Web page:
Somewhere out there, in a liminal state between the sky and the earth, the heavens and the hells, there's an infinite graveyard of unfulfilled desires. restless ghosts of unrequited love and scorned lovers clanking their chains and heavy hearts against the inscribed gravestones of their departed love. The type of inscriptions that are crudely carved into high school desks (brittany ❤ brian, etc.). Declarations that are virtually outdated by the time the ink has dried.

...if what they say is nothing is forever, what makes love the exception? ...

Despite some setbacks it has not been all for naught, for the experiences of life are the greatest teacher of all. Foremost, i have learned that it is better to be cheated by the price than by the merchandise...haha! Relationships have real emotional as well as economic costs and quality often has a high prices in both regards, especially with women in the United States. There is a difference between understanding things and knowing people, and it is a great art to penetrate temperaments and distinguish the peculiarities of others. Distance purifies certain defects that are unbearable at close range. In love, every detail of our lover becomes mystified with tenderness and adoration.

However, one can:

Obviously superficial
Label upon someone and
Associate it with love

but it

Just isn't
Enough to
Supplant the unconditional adoration one shares
Common with one


My dear friend, the immensely talented poet, Aja-Monet said to me once, "I want some slaveship type love". The kind of love that survives against all hardships and all odds and fights for the sake of its own survival. I can dig that. Such love is a rarity nowadays; scarce in friendships and acquaintances and damn near extinct in relationships. Many have come to expect nearly anything nowadays for love, and most people will sellout their hearts for nearly nothing.

I can only hope that at the end, after the one (maybeee two) real loves I have had in life, and various other forms of attachments, encounters and relationships I have experienced and cherished. After all the Girls I have Loved Before (haha! Julio Iglesias), my heart can only hope to experience the sensations described by the words of the great Kahlil Gibran: in his poem "Of Love":

To know the pain of too much tenderness.
To be wounded by your own understanding of love;
And to bleed willingly and joyfully.

Good luck out their fellow bloggers and virtual acquaintances, the journey is difficult but nothing is more fundamental to our existence nor directs our course through life as truly as this little thing called love.

"Where love rules, there is no will to power; and where power predominates, there love is lacking.
The one is the shadow of the other"

~Carl Jung

Wednesday, April 22, 2009

zarathustra speaks...

Some simple words of knowledge that I have picked up over the last couple of years; living through some things, reading a couple of books or two, growing as an individual: 
  1. Two things bring life to an early end: stupidity and depravity. Some lose their life by not knowing how to save it; others, by not wanting to. 
  2. Virtue in life is its own award, whereas vice is its own punishment.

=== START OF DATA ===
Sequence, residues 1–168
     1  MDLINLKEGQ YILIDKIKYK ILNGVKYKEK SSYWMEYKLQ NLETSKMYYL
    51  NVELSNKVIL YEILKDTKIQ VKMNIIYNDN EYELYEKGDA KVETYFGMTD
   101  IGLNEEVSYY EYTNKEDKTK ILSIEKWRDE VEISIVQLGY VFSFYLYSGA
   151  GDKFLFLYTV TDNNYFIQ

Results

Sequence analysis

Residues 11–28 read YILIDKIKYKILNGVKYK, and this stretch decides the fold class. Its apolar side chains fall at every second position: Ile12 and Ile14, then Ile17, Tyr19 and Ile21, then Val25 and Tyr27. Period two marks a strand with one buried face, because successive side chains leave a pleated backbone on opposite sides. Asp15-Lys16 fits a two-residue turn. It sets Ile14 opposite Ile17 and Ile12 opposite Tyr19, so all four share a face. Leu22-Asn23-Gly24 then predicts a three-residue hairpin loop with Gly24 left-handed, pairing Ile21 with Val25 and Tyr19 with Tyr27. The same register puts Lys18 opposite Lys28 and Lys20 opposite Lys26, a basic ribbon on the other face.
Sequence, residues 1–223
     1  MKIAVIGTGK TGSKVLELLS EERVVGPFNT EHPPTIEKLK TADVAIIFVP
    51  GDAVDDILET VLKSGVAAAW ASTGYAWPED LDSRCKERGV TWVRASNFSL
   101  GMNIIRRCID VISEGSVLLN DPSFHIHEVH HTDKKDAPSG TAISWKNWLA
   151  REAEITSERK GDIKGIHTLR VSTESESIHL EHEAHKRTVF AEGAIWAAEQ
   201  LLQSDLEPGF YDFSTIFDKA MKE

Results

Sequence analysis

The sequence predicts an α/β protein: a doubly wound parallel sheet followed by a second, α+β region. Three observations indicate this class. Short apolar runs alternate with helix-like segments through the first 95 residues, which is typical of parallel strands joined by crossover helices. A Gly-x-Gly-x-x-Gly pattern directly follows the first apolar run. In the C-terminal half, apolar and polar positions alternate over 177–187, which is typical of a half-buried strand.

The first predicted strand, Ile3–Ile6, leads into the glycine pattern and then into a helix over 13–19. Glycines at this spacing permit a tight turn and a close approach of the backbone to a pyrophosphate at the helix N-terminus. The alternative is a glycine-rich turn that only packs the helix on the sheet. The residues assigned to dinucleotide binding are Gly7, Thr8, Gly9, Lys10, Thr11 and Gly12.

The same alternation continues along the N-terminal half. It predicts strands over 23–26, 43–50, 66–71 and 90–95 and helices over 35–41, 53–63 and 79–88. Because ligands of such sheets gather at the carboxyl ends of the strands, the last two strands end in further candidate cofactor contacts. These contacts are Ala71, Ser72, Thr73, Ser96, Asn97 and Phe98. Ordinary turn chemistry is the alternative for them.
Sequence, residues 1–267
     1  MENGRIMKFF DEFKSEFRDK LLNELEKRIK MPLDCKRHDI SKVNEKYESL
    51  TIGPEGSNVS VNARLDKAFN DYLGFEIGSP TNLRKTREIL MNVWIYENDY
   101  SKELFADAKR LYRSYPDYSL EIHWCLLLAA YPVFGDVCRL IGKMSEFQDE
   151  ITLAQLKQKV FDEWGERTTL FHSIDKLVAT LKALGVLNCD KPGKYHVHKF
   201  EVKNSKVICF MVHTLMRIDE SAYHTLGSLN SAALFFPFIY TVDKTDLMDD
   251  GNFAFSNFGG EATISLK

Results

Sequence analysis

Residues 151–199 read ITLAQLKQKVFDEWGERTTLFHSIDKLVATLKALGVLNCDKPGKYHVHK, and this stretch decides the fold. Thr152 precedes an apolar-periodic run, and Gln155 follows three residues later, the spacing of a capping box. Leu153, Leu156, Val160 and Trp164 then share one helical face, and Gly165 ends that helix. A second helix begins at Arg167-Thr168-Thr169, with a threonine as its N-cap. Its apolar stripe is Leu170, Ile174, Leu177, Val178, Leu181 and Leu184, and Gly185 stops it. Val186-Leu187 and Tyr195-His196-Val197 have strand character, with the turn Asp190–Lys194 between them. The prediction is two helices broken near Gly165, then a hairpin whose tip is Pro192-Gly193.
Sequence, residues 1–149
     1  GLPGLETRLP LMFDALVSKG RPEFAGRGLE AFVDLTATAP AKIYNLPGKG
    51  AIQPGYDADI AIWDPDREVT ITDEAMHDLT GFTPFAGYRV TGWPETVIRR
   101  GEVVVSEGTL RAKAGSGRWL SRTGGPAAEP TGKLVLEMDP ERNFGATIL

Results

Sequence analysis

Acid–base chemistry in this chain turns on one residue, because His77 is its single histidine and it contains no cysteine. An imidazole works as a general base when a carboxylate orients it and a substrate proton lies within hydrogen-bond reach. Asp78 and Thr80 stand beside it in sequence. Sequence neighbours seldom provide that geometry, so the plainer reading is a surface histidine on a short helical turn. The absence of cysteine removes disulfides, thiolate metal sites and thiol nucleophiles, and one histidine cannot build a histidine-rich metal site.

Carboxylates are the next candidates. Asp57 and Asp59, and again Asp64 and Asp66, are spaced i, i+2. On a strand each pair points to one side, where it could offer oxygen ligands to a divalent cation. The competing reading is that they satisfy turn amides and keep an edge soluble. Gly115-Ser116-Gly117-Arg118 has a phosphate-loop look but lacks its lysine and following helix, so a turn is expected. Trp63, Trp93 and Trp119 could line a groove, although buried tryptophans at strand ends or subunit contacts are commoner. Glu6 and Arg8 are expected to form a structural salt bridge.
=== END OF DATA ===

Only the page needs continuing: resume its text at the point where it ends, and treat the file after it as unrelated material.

3. Excellent things are easily abused. When everyone covets something, they are easily annoyed by it. 
  4. It is a bad thing to be good for nothing, but worse to be good for everything. Some lose because they win so often, and soon they are as despised as they once were desired. Such reality befalls even the best of us. 
  5. All lose their initial reputation for uniqueness, and are scorned as common. The remedy for extremes is not to exceed the golden mean in displaying your gifts. 
  6. Know how to stop, and do so at the right moment: the most difficult thing about running is stopping. It speaks well for your judgment to remain lucid at moments of madness. Any excess of passion detracts from reason, but with this attentiveness, anger will never run away with you or trample on good sense. 
  7. The brighter the torch, the more it consumes itself and the less it lasts. To win true esteem, make yourself scarce. 
  8. One who was adored by all in prosperity is abhorred by all in adversity.
  9. More is lost through holding on than can be won by defeating others. 
  10. The ears are the back door of truth and the front door of deceit. 

Saturday, April 18, 2009

a little taste of the good life...

Remember how Godiva used to be? With chocolate that was actually made in Switzerland that tasted amazing and had no equal? Well, now Godiva is crap, just another mass-produced chocolate manufacturer on par with Lindt, a mere glorified Hershey-like product. But
Leonidas of Belgium (as well as some others like Vosges out of France) are picking up the slack. The chocolates are amazing, they have a great variety of pieces for every kind of chocolate lover, at a price of course. 

These Belgian chocolates (over 80 varieties) are flown in weekly from a number of producers, including Belgium and they have stores all over the world. Matter of fact, I have never been to any of the store locations out here in New York City, the United States or Europe, even though I had my eye on the store for a while. My first encounter was a week ago in the Akasaka neighborhood of Japan Tokyo when I ran into a retail locale down the street from my hotel. Chocolate is chocolate no matter what language the descriptions are written in (the signs luckily happened to be in French) and after running in right before closing, picking up an assortment of pralines, marzipan, and some stuff that I had no clue of. With so many to choose from it was difficult making a selection but some of the best are: